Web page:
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Mentally ill son became increasingly difficult before lighting fire that killed mother

When Erica Salemink was growing up, it was her mother who helped her memorize songs for the school musical or consoled her when she didn't qualify for the provincial diving tournament.

But as she testified at a coroner's inquest Thursday, photos of her smiling mother on display, Ms. Salemink shared not just those warm memories but one of utter tragedy.

Colette Salemink died in April, 2010, at the age of 59 after her mentally ill son, Blake, set their Coquitlam, B.C., home on fire. He was eventually found not criminally responsible by reason of mental disorder.

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"It pains me to think of – this is where I'll crack – what she's missing out on," Ms. Salemink told the inquest, her eyes welling up with tears, her voice breaking for the first time. Her four-week-old son was in the room as she testified.

She added, soon after, "I have often thought about what my mom must have been thinking when she woke up to her house on fire. And did she know Blake intentionally set it? It tears my heart apart thinking about the fear she must have felt and the pain she endured. It must have been unbearable for her."

Ms. Salemink, 35, was the final witness at the three-day inquest. Where much of the earlier testimony focused on policy – lack of communication between RCMP and mental-health officials was a recurring theme – Ms. Salemink dedicated her 20-minute statement to the human side, to her mother. At one point, she shared a story about the gold cross her mother used to wear, an item Ms. Salemink has held on to, soot and all.

She said her mother was stressed in the weeks leading up to her death. Blake, who was being treated for a combination of schizophrenia and bipolar disorder, was becoming increasingly difficult to deal with.

The police had been called to the home several times, the inquest has heard. Colette was assaulted about five months before the fire. Two days before the blaze, Blake had threatened to hire a hitman to kill her, she told police.

However, one of the conditions of his extended leave from a mental-health facility was that he reside at his mother's home. Ms. Salemink said her mother was worried about what would happen to Blake if she threw him out. "She was trying to figure out a way to do the right thing for both her and Blake," she said. "I still don't know what is the right thing we were supposed to do at the time."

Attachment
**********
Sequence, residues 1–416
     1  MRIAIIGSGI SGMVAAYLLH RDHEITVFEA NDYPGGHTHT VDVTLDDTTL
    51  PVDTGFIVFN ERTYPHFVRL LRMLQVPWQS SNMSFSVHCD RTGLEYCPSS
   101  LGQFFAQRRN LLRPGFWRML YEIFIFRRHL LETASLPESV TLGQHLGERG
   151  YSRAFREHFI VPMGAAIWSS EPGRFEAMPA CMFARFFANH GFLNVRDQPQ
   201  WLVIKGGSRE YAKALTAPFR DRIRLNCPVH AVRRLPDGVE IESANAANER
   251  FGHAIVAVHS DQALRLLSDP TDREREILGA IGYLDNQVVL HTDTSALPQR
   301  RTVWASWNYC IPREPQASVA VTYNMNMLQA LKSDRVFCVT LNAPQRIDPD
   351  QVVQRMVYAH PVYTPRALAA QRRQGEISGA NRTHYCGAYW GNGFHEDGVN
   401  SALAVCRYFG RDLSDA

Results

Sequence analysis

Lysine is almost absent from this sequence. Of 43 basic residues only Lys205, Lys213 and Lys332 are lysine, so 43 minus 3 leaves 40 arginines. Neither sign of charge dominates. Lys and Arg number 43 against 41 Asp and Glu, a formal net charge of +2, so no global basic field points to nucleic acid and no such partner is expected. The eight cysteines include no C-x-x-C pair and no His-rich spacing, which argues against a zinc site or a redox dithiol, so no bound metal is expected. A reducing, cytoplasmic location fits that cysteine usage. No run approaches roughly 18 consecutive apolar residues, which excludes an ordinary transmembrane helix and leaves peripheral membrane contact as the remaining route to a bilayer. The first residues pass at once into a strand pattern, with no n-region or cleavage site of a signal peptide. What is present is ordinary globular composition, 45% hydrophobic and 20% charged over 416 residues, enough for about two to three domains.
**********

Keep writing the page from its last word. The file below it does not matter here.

Ms. Salemink said she last spoke with her mother the night before the early-morning fire. She said her mother planned to get a restraining order against Blake that very day.

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When asked what more could have been done to help the family, Ms. Salemink said more resources need to be available to those suffering from mental illness. At one point she referenced a Surrey RCMP program in which an officer is teamed with a psychiatric nurse so they can respond to mental-health calls together. Coquitlam does not have such a program.

Ms. Salemink said it could often prove difficult getting help for her brother after hours or on weekends. All she and her mother could do was wait until Monday or the next appointment.

The fire was set on a Monday morning.

Blake, now 25, resides in a mental-health facility. His psychiatrist at the time of the fire testified Wednesday that he had no idea the situation between Blake and his mother had grown so violent. The psychiatrist, Dr. Rohan Samsundhar, called for better communication between RCMP and mental-health officials.

The jury came back with 16 recommendations Thursday evening. For one thing, it said Coquitlam RCMP and mental-health officials should create a co-ordinated approach. For another, it said if a person is on extended leave from a mental-health facility, information about any dealings with police should be sent to that person's psychiatrist.

The jury said the Coquitlam area should implement a program in which a police officer and nurse respond together to mental-health calls, and urged the province to start a similar program for the entire Lower Mainland on a trial basis.

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The jury also said if a caregiver no longer wishes to care for a patient, that person's wishes should be adhered to within 24 to 36 hours.

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Based in Vancouver, Sunny has been with The Globe and Mail since November, 2010. More


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